read "sissy" and on the same line it read Cruise missile omerta. When
Saunders inquired as to whether that code word referred to Tom Cruise,
Ms. Virtue guessed that it did. He cautioned her not to guess--but I
had to believe she was on the right track. (After all, this is the
same woman who told the FBI that Bert Fields, Mr. Cruise's attorney,
was a regular caller to Mr. Pellicano's office. So, she's probably made
a fairly educated guess. Not good enough to be evidence, but okay for
those who just want to gossip. I give you permission.) The next line
included the code words "Laviolette omerta"--supposedly a reference to
a tape of John LaViolette, a respected entertainment attorney involved
in litigation with a client of Mr. Pellicano's, former actor and
producer, Andrew Stevens. And then, there was a reference to Vincent
"Bo" Zenga, a screenwriter who was in litigation with Brad Grey, then a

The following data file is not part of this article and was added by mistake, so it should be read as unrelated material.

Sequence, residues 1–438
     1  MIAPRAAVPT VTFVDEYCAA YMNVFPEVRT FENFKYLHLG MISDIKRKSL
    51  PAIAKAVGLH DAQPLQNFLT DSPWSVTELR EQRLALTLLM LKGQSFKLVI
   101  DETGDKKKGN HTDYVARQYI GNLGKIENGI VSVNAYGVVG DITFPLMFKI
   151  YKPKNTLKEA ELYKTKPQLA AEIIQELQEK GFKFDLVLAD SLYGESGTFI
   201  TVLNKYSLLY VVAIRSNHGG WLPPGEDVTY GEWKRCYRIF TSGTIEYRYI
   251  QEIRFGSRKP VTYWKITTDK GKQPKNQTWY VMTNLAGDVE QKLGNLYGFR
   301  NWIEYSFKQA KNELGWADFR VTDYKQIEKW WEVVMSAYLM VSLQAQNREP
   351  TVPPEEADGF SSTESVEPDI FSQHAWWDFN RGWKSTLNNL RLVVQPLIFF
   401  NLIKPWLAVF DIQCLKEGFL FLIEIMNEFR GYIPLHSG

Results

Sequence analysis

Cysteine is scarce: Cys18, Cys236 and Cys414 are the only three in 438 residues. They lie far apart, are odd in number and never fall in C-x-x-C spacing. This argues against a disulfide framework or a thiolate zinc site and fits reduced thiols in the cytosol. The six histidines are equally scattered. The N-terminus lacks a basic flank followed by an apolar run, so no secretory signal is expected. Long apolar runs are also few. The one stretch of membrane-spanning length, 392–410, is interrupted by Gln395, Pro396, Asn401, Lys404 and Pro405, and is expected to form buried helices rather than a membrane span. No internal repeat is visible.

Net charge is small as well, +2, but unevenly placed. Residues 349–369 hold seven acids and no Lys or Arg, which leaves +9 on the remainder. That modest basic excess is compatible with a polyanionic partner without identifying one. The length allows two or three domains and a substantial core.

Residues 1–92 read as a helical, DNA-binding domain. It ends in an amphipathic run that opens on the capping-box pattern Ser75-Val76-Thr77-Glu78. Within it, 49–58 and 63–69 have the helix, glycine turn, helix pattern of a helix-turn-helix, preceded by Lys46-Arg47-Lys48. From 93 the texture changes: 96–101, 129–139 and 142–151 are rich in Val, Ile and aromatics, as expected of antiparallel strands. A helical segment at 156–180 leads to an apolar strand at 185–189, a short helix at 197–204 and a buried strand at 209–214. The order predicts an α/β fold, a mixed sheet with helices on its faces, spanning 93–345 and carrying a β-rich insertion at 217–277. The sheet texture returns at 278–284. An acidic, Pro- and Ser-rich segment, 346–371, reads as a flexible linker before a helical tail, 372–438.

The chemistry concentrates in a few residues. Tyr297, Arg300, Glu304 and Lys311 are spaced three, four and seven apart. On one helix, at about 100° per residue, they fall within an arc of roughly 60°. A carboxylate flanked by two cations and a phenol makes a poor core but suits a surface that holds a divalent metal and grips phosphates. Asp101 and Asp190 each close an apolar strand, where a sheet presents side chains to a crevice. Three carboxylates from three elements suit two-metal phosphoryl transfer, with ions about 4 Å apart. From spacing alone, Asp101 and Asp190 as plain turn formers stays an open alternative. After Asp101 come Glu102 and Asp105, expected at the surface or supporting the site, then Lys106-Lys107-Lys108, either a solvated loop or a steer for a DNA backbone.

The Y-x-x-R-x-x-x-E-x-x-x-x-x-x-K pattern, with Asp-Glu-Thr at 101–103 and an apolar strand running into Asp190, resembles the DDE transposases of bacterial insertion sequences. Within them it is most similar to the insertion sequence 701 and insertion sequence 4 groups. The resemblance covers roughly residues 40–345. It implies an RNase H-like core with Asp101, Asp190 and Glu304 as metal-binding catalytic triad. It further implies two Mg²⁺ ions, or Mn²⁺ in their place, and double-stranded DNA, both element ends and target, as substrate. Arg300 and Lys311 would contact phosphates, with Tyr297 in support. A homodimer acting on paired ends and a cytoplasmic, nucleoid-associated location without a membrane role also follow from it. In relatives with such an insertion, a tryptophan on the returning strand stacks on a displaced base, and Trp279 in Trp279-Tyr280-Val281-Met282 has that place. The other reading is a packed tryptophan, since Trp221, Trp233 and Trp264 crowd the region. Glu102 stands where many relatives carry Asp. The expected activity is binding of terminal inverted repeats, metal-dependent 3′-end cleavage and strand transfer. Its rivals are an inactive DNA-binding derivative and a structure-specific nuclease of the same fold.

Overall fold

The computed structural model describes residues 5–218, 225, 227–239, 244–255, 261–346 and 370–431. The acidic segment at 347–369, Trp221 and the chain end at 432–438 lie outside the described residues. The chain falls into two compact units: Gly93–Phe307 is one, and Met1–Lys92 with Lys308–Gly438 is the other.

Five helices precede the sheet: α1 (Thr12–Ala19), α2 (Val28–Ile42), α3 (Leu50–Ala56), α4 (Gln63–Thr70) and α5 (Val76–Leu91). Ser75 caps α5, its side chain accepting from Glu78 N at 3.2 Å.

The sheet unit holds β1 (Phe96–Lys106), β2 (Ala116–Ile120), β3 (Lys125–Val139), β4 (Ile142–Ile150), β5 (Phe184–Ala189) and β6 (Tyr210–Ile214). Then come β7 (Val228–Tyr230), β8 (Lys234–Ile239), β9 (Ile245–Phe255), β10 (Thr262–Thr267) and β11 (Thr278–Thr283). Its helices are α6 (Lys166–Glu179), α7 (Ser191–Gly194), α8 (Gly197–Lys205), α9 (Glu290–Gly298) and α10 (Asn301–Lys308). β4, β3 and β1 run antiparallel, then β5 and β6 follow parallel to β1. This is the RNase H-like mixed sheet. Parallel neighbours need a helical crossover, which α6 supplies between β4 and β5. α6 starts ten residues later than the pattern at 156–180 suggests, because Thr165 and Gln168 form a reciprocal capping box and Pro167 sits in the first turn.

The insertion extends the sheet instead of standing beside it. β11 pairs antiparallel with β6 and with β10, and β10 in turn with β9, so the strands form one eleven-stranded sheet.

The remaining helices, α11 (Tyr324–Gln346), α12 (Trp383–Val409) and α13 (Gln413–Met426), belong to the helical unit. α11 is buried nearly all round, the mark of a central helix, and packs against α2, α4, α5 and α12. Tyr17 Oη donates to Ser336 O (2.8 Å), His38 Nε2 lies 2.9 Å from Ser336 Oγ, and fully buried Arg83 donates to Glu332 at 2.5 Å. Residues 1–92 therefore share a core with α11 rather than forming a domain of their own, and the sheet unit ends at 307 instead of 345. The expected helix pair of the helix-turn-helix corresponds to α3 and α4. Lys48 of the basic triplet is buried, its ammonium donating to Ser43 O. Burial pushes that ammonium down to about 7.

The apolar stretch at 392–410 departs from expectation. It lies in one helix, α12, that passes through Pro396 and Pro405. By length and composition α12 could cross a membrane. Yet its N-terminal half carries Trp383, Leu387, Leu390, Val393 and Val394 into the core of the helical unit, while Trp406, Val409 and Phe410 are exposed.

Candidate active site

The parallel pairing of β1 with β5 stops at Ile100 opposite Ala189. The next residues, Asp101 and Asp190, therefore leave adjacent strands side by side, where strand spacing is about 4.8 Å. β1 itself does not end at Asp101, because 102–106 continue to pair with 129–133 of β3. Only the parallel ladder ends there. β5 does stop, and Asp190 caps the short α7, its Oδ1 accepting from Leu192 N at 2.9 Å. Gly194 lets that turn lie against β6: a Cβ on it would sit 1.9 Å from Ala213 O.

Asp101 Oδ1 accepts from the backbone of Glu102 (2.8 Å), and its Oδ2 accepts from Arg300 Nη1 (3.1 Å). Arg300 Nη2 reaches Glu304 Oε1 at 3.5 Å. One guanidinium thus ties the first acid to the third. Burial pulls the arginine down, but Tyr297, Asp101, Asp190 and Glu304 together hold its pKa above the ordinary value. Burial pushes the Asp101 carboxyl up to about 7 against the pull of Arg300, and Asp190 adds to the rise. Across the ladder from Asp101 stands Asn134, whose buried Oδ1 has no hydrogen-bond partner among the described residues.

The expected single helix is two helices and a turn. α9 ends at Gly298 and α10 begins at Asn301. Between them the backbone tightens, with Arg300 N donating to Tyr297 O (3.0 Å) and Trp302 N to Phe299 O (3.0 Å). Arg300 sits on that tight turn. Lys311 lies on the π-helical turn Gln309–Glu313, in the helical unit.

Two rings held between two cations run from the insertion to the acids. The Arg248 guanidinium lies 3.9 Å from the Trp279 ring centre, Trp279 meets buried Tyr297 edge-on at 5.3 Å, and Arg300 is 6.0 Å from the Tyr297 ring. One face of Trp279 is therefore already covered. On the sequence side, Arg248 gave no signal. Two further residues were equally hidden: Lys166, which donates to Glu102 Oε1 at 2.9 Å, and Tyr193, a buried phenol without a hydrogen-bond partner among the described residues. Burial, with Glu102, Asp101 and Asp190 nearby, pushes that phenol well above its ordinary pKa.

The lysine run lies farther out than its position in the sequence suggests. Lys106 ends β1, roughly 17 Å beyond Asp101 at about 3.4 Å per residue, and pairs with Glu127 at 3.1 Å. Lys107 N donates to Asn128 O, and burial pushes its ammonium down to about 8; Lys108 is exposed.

well known manager who is now the head of Paramount. The line
referring to Mr. Zenga read "Gypsy boy" on the left and then on the
right, VincentBoZenga Omerta Final. Of the Bo Zenga file, Tarita
happily admitted "that was one I listened to." Ah, good times.

Also on the exhibit that Mr. Saunders showed Ms. Virtue, there was a
line reading AB (as in Anita Busch) and then on the same line,
catholicgirlomerta. Mr. Saunders did not ask Tarita to speculate on
who AB might refer to or on the code word next to the initials.

The key thing that Ms. Virtue explained today in only an hour on the
stand (she's set to return on Tuesday) was that Mr. Pellicano had the
ability to have five computers running at the same time, recording
calls in the office, as well as computers running at off-site
locations. The office computers could only listen in on calls in the
310 area code--a code that covers most of West Los Angeles and Beverly
Hills. If you wanted to wiretap someone in the valley, it was going to
cost you more because according to Tarita, Mr. Pellicano would have to
rent out an apartment and set up computers near his target phone. So, finally a good reason to actually live in the valley.

When she wasn't accusing Mr. Pellicano of being a wiretapping genius,
Ms. Virtue made time to go after two of the other defendants in the